The very good, very obvious reason for this dilemma is the screwing of America performed by the Bush/Cheney White House team. I've encountered the anger American conservatives feel first-hand as recently as this last Thanksgiving dinner with my father, who has voted Republican for the last 40 years and now says he'd vote for Obama in the 2008 General Election, given the chance.

My father hasn't discovered his liberal side -- he's just ready to send a message to the GOP that it needs to reform and get back to its Reagan roots, and feels that the election ahead is a lost cause as far as the Republican chances for the White House are concerned so why not send a big message by voting for a Democrat. Dad was impressed by Obama's keynote speech at the 2004 Democratic convention and he has followed Obama ever since. He sees in Obama someone who can heal the nation.

And he's right. Obama is, in my own view as well as his, the best qualified individual to lead the nation through a healing and recovery program and on to bigger and better things. Dad would prefer that to be done with fiscal restraint and conservative social principles in mind, but he sees no one -- none of the above -- among the Republican candidates who wouldn't just screw the nation further along the same lines of the Bush/Cheney necon-driven disaster.

It isn't as if the GOP didn't have a chance in the 2008 election, it's just that the Christian right is unwilling to compromise the hard-right social principles that drive their election choices.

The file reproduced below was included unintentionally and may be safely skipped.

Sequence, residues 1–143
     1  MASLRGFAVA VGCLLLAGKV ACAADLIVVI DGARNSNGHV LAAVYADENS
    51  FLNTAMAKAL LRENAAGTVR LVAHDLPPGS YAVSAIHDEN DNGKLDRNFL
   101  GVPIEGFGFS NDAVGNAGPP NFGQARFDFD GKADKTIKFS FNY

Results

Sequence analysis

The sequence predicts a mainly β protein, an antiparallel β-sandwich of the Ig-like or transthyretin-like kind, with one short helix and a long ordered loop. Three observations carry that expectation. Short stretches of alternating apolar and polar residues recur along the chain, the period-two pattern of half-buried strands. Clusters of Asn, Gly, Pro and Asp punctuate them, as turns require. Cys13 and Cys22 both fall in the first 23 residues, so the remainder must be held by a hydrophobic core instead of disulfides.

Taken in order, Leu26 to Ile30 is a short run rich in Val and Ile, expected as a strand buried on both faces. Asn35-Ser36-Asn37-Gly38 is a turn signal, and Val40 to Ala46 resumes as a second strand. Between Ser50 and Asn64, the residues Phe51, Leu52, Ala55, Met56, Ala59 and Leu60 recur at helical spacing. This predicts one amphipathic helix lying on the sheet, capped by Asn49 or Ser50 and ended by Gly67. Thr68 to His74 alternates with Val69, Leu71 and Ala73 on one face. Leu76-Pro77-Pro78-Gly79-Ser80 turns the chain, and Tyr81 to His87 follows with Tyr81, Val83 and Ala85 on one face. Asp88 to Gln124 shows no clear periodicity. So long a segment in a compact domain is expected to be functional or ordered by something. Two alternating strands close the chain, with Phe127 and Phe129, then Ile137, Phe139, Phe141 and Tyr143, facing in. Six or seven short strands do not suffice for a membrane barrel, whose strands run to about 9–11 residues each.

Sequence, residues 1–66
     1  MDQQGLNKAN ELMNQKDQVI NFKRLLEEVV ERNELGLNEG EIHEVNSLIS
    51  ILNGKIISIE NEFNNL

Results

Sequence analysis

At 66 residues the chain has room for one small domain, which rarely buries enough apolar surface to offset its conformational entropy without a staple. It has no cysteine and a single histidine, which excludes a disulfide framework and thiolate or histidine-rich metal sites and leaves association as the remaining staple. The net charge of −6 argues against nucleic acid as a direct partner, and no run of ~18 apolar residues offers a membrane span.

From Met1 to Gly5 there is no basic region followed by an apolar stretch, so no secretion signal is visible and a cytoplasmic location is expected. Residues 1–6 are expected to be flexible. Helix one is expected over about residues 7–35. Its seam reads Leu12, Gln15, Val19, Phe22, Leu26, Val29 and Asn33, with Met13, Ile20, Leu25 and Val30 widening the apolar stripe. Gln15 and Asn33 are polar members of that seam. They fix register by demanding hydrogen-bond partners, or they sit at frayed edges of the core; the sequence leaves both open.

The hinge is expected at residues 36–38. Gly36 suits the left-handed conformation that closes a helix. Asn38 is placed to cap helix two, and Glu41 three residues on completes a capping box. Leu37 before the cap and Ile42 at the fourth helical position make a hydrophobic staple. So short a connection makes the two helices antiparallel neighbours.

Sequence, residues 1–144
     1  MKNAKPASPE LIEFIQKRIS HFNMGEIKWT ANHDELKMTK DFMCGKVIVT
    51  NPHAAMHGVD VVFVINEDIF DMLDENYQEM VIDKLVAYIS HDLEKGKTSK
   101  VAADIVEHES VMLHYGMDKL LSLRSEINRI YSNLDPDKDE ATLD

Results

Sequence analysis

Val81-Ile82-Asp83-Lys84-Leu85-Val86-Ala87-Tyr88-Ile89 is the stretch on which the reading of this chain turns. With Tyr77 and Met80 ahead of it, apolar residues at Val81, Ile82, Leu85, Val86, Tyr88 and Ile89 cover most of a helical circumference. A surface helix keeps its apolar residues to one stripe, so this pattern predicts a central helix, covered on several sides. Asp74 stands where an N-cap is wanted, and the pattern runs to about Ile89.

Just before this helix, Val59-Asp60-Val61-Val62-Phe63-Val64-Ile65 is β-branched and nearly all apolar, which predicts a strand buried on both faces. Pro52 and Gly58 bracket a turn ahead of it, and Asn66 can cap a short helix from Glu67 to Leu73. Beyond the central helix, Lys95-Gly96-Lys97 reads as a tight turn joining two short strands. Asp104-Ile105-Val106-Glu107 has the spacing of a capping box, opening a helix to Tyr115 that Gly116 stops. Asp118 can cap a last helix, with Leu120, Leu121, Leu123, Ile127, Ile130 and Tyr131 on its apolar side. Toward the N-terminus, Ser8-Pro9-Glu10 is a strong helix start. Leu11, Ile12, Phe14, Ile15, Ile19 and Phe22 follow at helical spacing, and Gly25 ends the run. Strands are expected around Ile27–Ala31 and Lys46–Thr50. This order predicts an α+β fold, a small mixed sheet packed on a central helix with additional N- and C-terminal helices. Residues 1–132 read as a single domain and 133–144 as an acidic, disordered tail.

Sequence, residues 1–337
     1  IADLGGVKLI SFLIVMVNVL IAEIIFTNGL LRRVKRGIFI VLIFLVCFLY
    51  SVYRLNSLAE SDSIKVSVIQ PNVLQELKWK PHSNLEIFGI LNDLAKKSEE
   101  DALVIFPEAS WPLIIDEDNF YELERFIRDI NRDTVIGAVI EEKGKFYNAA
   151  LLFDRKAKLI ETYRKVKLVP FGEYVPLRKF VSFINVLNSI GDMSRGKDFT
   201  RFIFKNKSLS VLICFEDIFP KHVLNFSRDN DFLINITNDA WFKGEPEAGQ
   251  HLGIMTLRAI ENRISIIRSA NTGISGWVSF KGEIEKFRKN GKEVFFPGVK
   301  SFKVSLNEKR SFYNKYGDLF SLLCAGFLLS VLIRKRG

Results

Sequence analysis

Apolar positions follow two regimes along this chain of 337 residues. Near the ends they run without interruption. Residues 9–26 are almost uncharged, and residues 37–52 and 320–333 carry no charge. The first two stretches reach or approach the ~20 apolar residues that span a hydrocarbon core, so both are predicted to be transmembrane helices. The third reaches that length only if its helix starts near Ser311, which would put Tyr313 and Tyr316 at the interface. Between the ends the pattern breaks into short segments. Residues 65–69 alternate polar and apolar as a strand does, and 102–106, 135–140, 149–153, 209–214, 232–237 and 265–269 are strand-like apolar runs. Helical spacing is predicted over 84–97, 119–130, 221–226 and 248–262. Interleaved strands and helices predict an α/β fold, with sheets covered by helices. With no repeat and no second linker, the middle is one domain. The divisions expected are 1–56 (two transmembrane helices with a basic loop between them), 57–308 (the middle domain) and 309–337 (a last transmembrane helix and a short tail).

From the very first debates Mitt Romney, who fits the big-state Governor model perfectly, emerged as the candidate who in my estimation had the best chance of taking the White House. His choice of religion eliminated him as a viable, electable candidate in the eyes of the Christian-istas however, hence Dad's lament. "The religious zealots have taken over the GOP," says Dad, shaking his head.

karl_rove-1.jpgHe places the blame on Karl Rove, and I agree. Rove screwed the GOP, and the result stemming from the widespread recognition of that fact is that Rove was run out of the White House by those hoping to salvage the GOP's chances in 2008. It was too little too late.

2012 could be a whole different ballgame, but for the upcoming 2008 elections my father will, along with many of his fellow disillusioned, true Reagan conservatives, be holding their nose and pulling the lever next to a Democrat's name for the first time in several decades.

True conservative patriots like my father will not just stay home and not vote in protest, they'll choose "none of the above" by choosing the Democratic nominee.


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Comments (1)

Lee Ward:

Larry "Wide Stance" Craig would make an excellent choice. His rank hypocrisy would make neoconservatives across the country feel right at home.


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Publisher: Kevin Aylward

Editors: Lee Ward, Larkin, Paul S Hooson, and Steve Crickmore